Cambiocorsa takes control of the clutch for seamless shifts at the driver’s bidding. Tap the right paddle for upshift and a controlled surge forward. Tap the left paddle and Cambiocorsa blips the throttle to execute a delicious downshift of matched revs. I find myself shifting just for the fun of it, to enjoy that wonderful soundtrack, to thrill in the speed and simplicity, and occasionally to pass slower traffic. With the top down this Spyder traverses 80-100mph in about 8 seconds in 6th gear. In only 5 seconds I can downshift from 6th to 4th, accelerate from 80-100mph, and upshift from 4th to 6th in this well worn-in car. The 90th Anniversary Spyder and GranSport currently available from Maserati are even more refined.
During a side trip to Florida’s Atlantic coast, loping along with the top down and some classic jazz playing on the stereo, I reflect upon just how right Maserati got this car. Fit and finish are excellent. Warm leather throughout the interior, and even on the stylish roll-bars’ fascias, is one of those brilliant details for which Maserati is rightly famous. The cabin has been designed to heighten enjoyment, an oasis of calm in the air displaced by a speedy roadster. When evenings turned colder it was unnecessary to raise the roof as the climate system easily provided an envelope of comfort.
The cabin has been designed to heighten enjoyment, an oasis of calm in the air displaced by a speedy roadster. When evenings turned colder it was unnecessary to raise the roof as the climate system easily provided an envelope of comfort.
Crossing the bridge into the beach town of Melbourne, numerous sports car drivers crane their necks to have a better look, many express approval of the car. When it’s parked a small but respectful crowd appears and a few cell phone cameras pop out to snap pictures. “People get some cars to show off” says one admirer “but a Maserati says you know and love cars. It’s what I dream of having.”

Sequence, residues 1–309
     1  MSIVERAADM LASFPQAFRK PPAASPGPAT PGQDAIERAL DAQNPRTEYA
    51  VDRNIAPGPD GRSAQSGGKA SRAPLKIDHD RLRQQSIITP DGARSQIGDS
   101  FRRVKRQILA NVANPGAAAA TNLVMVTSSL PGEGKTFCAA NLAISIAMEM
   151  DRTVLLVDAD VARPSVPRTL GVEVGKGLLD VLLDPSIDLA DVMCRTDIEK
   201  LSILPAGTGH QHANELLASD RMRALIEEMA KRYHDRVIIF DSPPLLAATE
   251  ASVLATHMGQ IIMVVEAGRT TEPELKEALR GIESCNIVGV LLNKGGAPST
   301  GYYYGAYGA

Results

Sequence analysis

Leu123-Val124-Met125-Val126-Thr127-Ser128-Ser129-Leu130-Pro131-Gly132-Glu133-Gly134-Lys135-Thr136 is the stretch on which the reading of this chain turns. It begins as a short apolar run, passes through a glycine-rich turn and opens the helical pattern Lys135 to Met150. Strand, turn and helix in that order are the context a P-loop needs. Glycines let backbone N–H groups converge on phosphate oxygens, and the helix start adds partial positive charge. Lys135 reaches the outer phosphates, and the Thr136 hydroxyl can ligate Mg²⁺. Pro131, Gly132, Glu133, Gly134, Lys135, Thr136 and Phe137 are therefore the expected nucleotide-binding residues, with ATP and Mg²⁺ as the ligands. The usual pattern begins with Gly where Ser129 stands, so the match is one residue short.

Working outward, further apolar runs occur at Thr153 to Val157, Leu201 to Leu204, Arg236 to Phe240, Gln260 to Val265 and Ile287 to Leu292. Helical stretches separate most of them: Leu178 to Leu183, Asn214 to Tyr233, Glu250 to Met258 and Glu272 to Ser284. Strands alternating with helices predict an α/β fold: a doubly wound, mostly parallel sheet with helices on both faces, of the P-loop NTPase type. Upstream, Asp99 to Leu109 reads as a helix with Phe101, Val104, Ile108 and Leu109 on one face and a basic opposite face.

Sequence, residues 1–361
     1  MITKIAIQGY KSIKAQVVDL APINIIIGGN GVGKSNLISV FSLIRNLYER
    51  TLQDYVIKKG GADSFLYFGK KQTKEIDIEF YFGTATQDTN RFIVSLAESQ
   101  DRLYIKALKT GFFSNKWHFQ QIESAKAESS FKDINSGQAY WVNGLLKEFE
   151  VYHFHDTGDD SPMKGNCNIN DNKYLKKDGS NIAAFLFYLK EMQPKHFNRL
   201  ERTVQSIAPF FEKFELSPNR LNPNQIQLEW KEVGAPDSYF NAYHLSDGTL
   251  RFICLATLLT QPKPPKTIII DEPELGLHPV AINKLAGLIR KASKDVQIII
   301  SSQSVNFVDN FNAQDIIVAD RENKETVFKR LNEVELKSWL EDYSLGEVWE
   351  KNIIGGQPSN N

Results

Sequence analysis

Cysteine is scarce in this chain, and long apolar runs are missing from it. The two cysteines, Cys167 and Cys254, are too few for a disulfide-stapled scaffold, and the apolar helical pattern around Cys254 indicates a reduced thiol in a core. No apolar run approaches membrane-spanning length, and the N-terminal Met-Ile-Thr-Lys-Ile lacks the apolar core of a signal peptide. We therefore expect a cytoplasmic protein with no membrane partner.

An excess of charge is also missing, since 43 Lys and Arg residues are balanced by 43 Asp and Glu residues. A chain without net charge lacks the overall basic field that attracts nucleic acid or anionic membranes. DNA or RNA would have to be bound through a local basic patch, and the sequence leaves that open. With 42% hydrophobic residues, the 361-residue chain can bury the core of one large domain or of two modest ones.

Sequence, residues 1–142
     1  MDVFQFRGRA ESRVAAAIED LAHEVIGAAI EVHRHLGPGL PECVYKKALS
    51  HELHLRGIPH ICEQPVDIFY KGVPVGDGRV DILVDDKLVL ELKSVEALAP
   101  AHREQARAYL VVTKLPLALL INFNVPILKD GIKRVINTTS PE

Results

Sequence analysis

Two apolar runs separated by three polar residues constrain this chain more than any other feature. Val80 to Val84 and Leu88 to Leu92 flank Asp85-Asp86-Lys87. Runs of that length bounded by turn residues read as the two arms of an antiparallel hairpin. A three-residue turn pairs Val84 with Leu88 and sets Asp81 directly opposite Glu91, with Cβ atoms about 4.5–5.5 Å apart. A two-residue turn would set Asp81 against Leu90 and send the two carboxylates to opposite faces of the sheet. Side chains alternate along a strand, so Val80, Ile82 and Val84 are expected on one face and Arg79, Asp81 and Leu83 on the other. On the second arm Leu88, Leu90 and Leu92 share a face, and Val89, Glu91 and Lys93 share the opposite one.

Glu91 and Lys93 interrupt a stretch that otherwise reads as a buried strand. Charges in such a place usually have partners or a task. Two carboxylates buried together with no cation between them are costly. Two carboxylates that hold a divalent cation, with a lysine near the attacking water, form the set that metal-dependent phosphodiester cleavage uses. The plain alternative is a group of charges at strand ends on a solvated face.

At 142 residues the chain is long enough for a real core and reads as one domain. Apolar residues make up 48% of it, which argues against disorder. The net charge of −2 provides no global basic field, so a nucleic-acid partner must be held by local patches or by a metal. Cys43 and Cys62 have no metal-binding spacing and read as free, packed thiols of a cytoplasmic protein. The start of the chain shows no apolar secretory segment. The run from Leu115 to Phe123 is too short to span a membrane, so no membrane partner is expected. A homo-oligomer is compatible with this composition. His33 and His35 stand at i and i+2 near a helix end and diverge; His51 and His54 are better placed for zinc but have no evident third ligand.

At Sebring the 2002 Spyder comes face to face with the great 450S and the MC12 as the latter prepares to take up the gauntlet. Racing has changed in 48 years, but Maserati’s outlook has not. The Risi Competizione crew is professional, methodical, and dedicated. They exactly reflect the values of those who design and build Maseratis in Modena. Pulling into the paddock, the car’s subdued form and implicit muscle are immediately appreciated. Italian design has that effect and everyone loves a Maserati.
Great attention is paid to this “demo” in a paddock of exotic and beautiful racing machines. Sports car fans and enthusiasts don’t forget. They know what the Spyder is and respond to it:
“Look, a Maserati”…
“I’ve never seen one up close before”…
“Let’s go look”…
One Sherrif’s deputy leans from his cruiser to ask about the Spyder and listen approvingly to its exhaust note. Of course, there is the inevitable intonation of Joe Walsh’s 70’s musical homage in Life’s Been Good: “My Maserati does 185…” Perhaps better to forget the next line with so many members of Florida’s law enforcement community around! Asked if this Maserati is mine I lament that it is not, but I’d be glad if it was.
Later, to the adulation of the crowd, Maserati returned to American racing with the factory-run MC12. Its pit was just below the banner and tricolore proclaiming Maserati’s 1957 win. After a promising start in 2005 the MC12 eventually took fifth place in class at the grueling 12 Hour race, a fine result. Expect the car and the team to become stronger throughout the 2005 American Le Mans Series season. Maserati road cars have been refined and improved every year since 2002 when the marque returned and the results are fantastic. The 2002 Spyder shows just what a great product it was to begin with.